In South Korea, where the majority are constantly glued to their smartphones and connected to the virtual world, it is almost expected that many interactions, even dining, are done virtually. While solitary dining is frowned upon in a very social culture like that of this Eastern Asian country, it is a phenomenon that is unstoppable. A leading factor is that, recently, the number of Koreans living alone is steadily rising.

Broadcast Jockeys, like the Diva, livestream themselves while eating. (Photo Credit: The Diva Youtube Channel)
Broadcast Jockeys, like the Diva, livestream themselves while eating. (Photo Credit: The Diva Youtube Channel)

While in some countries people are warming up to the idea of dining by themselves with restaurants like Eenmaal encouraging it, in South Korea, they have found a different way of making dining solo a little more interesting, interactive, and not much to be too conscious about. They call it “mok-bang”, a combination of two Korean words which mean “eat” and “room”. They set up their equipment and a table filled with food. When they are ready, the camera will start rolling and everyone can see them devour their meal with much gusto.

Did You know? The eastern coastline, stretching 390 km from Hwajinpo to Busan, is rugged and mountainous with some of the most breathtaking scenery in Korea. Skiing and other winter sports help make the area a year-round resort destination.

AfreecaTV hosts the channels of these “broadcast jockeys”. As these BJs do their thing, the viewers can comment and ask questions in the chat-rooms and the BJs can respond in real time. When the viewers like what they see, they give the BJs Star Balloons. Although it is a virtual currency equivalent to 10 US cents (USD), the BJs can cash them out and the company makes money by taking a cut. Some BJs are so popular that they can live off the money they make from broadcasting alone.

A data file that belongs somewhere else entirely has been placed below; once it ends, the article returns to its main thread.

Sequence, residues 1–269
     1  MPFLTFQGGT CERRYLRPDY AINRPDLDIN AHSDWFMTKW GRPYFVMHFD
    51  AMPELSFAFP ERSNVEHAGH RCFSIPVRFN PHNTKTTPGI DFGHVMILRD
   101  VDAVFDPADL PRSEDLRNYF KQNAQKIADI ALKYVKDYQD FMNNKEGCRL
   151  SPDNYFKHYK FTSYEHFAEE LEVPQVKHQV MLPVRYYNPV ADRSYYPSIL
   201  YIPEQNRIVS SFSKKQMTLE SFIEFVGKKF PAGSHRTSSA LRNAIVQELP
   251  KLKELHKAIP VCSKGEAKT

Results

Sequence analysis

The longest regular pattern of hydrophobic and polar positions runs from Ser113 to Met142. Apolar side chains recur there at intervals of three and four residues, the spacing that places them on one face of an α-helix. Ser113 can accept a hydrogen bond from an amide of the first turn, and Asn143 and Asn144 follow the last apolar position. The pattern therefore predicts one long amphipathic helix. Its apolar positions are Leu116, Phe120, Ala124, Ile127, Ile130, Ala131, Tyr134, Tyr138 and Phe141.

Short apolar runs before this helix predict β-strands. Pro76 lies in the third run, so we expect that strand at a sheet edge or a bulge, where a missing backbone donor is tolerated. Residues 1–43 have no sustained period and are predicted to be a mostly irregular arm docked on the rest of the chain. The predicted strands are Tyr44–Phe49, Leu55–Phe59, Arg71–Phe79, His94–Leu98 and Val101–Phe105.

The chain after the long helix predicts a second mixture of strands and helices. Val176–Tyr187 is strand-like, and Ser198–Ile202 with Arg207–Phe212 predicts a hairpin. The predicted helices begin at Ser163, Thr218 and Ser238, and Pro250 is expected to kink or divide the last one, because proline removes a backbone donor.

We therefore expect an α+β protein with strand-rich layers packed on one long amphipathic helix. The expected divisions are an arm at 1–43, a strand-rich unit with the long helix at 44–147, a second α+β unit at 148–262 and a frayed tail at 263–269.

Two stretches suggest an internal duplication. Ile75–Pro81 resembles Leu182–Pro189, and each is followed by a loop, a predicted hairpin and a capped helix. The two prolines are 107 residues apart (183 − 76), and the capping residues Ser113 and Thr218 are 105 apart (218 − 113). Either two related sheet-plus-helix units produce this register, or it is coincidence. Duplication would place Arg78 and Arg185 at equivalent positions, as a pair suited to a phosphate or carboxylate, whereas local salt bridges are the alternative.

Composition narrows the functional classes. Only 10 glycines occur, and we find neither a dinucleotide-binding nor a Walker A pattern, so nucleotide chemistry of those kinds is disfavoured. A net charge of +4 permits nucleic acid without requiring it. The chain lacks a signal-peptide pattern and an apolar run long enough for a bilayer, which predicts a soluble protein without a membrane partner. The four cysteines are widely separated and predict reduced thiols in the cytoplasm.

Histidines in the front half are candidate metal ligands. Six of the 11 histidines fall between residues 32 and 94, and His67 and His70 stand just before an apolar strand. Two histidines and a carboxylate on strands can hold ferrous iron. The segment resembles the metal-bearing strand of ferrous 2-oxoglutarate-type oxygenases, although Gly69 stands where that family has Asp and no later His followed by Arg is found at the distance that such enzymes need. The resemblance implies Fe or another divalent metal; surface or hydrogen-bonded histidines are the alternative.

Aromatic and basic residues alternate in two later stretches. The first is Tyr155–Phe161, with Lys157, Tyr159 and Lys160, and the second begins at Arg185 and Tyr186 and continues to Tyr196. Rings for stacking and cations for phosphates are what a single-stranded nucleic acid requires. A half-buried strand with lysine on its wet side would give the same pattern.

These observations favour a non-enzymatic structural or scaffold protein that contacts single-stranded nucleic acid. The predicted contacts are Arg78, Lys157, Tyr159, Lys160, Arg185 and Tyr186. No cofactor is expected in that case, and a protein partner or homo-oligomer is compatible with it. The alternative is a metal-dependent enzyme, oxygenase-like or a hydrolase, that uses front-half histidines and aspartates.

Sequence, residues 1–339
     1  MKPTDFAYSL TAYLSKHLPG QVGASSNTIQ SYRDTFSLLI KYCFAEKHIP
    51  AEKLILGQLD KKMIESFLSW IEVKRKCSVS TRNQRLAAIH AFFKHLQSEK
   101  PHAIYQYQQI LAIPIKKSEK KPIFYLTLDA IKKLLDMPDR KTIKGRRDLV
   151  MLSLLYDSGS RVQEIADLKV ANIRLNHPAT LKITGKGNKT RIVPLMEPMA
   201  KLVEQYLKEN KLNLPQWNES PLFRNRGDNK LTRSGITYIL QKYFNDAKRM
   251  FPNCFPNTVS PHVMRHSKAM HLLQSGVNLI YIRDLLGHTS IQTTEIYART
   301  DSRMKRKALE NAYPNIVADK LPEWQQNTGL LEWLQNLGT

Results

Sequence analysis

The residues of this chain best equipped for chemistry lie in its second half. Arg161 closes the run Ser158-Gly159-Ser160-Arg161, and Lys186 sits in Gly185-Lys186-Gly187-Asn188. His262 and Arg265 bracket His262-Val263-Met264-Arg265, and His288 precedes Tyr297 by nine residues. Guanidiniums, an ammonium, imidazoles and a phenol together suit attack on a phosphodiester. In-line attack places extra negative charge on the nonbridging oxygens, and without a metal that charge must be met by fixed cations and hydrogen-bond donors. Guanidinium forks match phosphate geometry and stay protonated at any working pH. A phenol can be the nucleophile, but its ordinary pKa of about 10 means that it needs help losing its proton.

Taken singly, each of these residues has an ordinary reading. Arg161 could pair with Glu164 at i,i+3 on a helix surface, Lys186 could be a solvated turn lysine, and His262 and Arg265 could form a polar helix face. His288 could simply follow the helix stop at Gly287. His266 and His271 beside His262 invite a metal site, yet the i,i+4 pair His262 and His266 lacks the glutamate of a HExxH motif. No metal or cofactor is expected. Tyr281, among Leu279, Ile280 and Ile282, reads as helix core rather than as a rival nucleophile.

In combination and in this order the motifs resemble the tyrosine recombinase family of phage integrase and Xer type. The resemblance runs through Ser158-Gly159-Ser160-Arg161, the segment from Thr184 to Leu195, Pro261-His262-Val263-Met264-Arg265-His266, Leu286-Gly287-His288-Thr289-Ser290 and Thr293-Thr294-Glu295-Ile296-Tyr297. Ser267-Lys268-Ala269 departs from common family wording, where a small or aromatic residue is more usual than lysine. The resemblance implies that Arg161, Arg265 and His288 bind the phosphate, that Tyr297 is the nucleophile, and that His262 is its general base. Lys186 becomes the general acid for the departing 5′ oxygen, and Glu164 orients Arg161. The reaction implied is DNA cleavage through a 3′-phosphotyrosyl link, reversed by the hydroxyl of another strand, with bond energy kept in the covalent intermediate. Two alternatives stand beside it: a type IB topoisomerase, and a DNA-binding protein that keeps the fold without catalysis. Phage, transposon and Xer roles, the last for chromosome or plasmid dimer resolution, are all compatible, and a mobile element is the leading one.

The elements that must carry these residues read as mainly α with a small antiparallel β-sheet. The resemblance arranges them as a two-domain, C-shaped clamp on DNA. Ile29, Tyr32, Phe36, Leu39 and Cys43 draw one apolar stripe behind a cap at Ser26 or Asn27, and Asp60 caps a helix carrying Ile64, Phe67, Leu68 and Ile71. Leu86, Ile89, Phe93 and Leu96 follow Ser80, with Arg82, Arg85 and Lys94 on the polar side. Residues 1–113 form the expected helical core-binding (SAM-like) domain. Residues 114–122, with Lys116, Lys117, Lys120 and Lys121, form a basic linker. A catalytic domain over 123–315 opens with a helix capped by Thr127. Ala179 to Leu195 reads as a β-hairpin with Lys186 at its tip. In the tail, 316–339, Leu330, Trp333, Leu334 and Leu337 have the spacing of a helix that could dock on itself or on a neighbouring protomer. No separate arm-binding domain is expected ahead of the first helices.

Mok-bang is not a current trend. It’s been going on for quite a while but has recently attracted attention beyond South Korean shores.

Do you think the concept of eating in front of thousands of viewers will catch on to the rest of the world?

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About Kathy del Castillo

Kathy is a free spirit who has an attention span equivalent to that of a squirrel. So it's only seemly that she has a penchant for adventures and spontaneity. And because she is expected to earn her keep, she works as an online freelancer doing (what else?) random stuff.

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2 Responses to "Mok-Bang: The Korean Culture of Food Broadcasting"

  1. KaeTee  06/04/2015

    Mok=eat Bang=room so the literal translation is eat room, not eat broadcast. Just like a karaoke room is called a noraebang; norae=song and bang=room,it translates to song room.

    Reply
    • Heather Tucker  09/04/2015

      Thanks KaeTee, that was really useful to learn. We have adjusted the article to reflect your explanation. Thanks again!

      Reply

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